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Everyday SQL

Patrick Keisler is a MCTS and MCP. For over 12 years, he has been been a database administrator for a major investment bank, Wells Fargo Securities. During that time, he has gained considerable knowledge in Microsoft SQL Server by supporting hundreds of applications ranging from high-volume trading applications to massive data warehouses.

Use Powershell to Pick Up what Database Mirroring Leaves Behind

Database mirroring has been around since SQL Server 2005, and it's turned out to be an excellent step up from log shipping.  However, like log shipping, it is still only a database-level disaster recovery solution.  Meaning that any logins, server role memberships or server-level permissions will not be mirrored over to the mirror server.  This is where the DBA needs to plan ahead and create their own custom jobs to script and/or document these types of shortcomings.

My solution is to use Powershell.  In this example, I have setup database mirroring for the AdventureWorks2012 database.  For this demo, both instances, TEST1 and TEST2, are on the same physical server.


There are two logins on the principal server that currently do not exist on the mirror server.  One is a SQL login, AWLogin1, and the other is a Windows Authenticated login, TRON2\AWLogin2.

The first step of our Powershell script will need to connect to the principal server to generate a CREATE LOGIN script for those two logins.  To generate the script, we need to grab the login name, the SID, and the hashed password if it's a SQL login.  This is accomplished by running the following code.

SELECT 'USE master; CREATE LOGIN ' + QUOTENAME(p.name) + ' ' +
CASE WHEN p.type in ('U','G')
    THEN 'FROM WINDOWS '
    ELSE ''
    END
+ 'WITH ' +
CASE WHEN p.type = 'S'
    THEN 'PASSWORD = ' + master.sys.fn_varbintohexstr(l.password_hash) + ' HASHED, ' + 'SID = ' + master.sys.fn_varbintohexstr(l.sid) +  ', CHECK_EXPIRATION = ' +
    CASE WHEN l.is_expiration_checked >0
        THEN 'ON, '
        ELSE 'OFF, '
        END
    + 'CHECK_POLICY = ' +
    CASE WHEN l.is_policy_checked >0
        THEN 'ON, '
        ELSE 'OFF, '
        END +
    CASE WHEN l.credential_id > 0
        THEN 'CREDENTIAL = ' + c.name + ', '
        ELSE ''
        END
ELSE ''
END
+ 'DEFAULT_DATABASE = ' + p.default_database_name+
CASE WHEN LEN(p.default_language_name)> 0
    THEN ', DEFAULT_LANGUAGE = '+ p.default_language_name
    ELSE ''
    END
+ ';' AS 'LoginScript'
FROM master.sys.server_principals p LEFT JOIN master.sys.sql_logins l
    ON p.principal_id = l.principal_id LEFT JOIN master.sys.credentials c
    ON l.credential_id = c.credential_id
WHERE p.type IN ('S','U','G')
    AND p.name NOT IN ('sa', 'NT AUTHORITY\SYSTEM')
    AND p.name NOT LIKE '##%##'
    AND p.name NOT LIKE 'BUILTIN\%'
    AND p.name NOT LIKE 'NT SERVICE\%'
ORDER BY p.name;

In this example, you can see we have one row for each of the two logins.


The next step of the Powershell script will need to write those two rows of data to a file on the mirror server.  This is done using the System.IO.StreamWriterclass.

foreach($row in $commandList.Tables[0].Rows)
{
    try
    {
            $output = $row["LoginScript"].ToString()
            $stream.WriteLine($output)
      }
      catch
      {
            $stream.Close()
            CheckForErrors
      }
}

When there is a need to failover to the mirror server, the DBA can then open this script and run it.  All logins will be created and with their original SID value and password.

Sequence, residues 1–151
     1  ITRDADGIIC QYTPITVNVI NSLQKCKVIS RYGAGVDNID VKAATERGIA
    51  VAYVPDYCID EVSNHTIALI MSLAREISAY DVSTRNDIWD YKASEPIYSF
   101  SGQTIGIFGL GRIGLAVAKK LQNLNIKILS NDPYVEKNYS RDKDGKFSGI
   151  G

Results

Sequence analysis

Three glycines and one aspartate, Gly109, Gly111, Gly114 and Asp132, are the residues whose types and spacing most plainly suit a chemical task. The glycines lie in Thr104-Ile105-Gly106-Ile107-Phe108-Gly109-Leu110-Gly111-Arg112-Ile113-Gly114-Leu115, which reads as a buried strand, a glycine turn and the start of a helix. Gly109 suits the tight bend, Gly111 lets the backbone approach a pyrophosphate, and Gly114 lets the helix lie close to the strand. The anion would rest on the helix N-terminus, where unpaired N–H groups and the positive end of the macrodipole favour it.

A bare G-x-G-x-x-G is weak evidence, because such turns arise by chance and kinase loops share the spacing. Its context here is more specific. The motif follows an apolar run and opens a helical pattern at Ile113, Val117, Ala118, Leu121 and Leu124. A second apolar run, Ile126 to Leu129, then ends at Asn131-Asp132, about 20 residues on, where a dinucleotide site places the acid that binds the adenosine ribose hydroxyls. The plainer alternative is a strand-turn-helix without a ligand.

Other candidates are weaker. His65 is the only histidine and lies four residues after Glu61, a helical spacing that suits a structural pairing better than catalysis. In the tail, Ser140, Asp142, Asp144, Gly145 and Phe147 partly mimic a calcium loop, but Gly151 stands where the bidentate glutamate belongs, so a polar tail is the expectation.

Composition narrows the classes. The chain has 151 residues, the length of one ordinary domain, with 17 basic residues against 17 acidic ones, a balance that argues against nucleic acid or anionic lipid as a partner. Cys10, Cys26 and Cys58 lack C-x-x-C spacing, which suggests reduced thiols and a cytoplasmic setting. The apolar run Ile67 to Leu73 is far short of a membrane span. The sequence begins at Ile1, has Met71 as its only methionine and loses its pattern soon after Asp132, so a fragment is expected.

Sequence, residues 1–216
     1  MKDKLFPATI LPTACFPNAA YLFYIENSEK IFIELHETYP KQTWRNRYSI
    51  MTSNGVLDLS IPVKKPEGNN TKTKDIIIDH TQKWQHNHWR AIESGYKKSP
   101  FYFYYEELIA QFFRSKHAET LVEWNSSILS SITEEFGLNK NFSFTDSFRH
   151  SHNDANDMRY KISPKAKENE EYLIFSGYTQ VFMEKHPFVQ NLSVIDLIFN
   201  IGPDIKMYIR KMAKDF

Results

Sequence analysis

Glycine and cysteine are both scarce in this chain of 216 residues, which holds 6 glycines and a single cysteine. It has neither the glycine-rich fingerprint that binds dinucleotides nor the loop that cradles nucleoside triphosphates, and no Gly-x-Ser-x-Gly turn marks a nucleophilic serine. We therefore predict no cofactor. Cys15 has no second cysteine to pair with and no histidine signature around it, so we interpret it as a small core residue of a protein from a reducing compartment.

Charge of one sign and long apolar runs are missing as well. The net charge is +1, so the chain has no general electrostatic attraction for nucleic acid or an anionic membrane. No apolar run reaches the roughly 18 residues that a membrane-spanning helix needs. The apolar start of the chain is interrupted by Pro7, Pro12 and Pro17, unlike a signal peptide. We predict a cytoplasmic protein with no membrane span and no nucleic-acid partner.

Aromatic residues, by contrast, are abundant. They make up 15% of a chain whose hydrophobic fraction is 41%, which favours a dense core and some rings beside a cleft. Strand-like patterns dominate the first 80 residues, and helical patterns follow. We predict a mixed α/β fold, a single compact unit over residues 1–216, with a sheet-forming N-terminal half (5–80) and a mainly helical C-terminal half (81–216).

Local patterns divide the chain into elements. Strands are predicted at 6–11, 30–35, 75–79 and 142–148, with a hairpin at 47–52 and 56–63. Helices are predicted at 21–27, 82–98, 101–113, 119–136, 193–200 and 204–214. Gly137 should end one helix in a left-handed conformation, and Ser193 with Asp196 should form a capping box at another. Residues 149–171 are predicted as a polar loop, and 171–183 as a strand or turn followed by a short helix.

The second half of the Powershell script will use the same procedures to script out any server role memberships or server-level permissions these two logins may have on the principal server.  This is done using the following block of code.

-- BUILD SERVER ROLE MEMBERSHIPS
SELECT 'USE master; EXEC sp_addsrvrolemember @loginame = '+QUOTENAME(s.name)+', @rolename = '+QUOTENAME(s2.name)+';'  AS 'ServerPermission'
FROM master.sys.server_role_membersr INNER JOIN master.sys.server_principals s
    ON s.principal_id = r.member_principal_id INNER JOIN master.sys.server_principals s2
    ON s2.principal_id = r.role_principal_id
WHERE s2.type = 'R'
    AND s.is_disabled = 0
    AND s.name NOT IN ('sa','NT AUTHORITY\SYSTEM')
    AND s.name NOT LIKE '##%##'
    AND s.name NOT LIKE 'NT SERVICE\%'
UNION ALL
-- BUILD SERVER-LEVEL PERMISSIONS
SELECT 'USE master; '+sp.state_desc+' '+sp.permission_name+' TO '+QUOTENAME(s.name) COLLATE Latin1_General_CI_AS+';'  AS 'ServerPermission'
FROM sys.server_permissions sp JOIN sys.server_principals s
    ON sp.grantee_principal_id= s.principal_id
WHERE s.type IN ('S','G','U')
    AND sp.type NOT IN ('CO','COSQ')
    AND s.is_disabled = 0
    AND s.name NOT IN ('sa','NT AUTHORITY\SYSTEM')
    AND s.name NOT LIKE '##%##'
    AND s.name NOT LIKE 'NT SERVICE\%';

From the output, you can see the TRON\AWLogin2 is a member of the BULKADMIN server role and has the VIEW SERVER STATE permission.  These two rows will be written to a file in the same file share as the previous file.  


As before, once the database is failed over to the mirror server, the DBA can run this script to apply any missing permissions.

Finally, this Powershell script can be scheduled to run from any server; however, I choose to setup this job on the principal server.  I schedule it to run once a day through SQL Agent.  Each run of the script will overwrite the existing file, so if there are any logins or permissions that have been added or removed, it will show up in the latest version of the files.


Using this Powershell script can make it very easy to script out logins and permissions.  While this example was used with database mirroring, then same strategy will work for log shipping.  The entire Powershell script is below.

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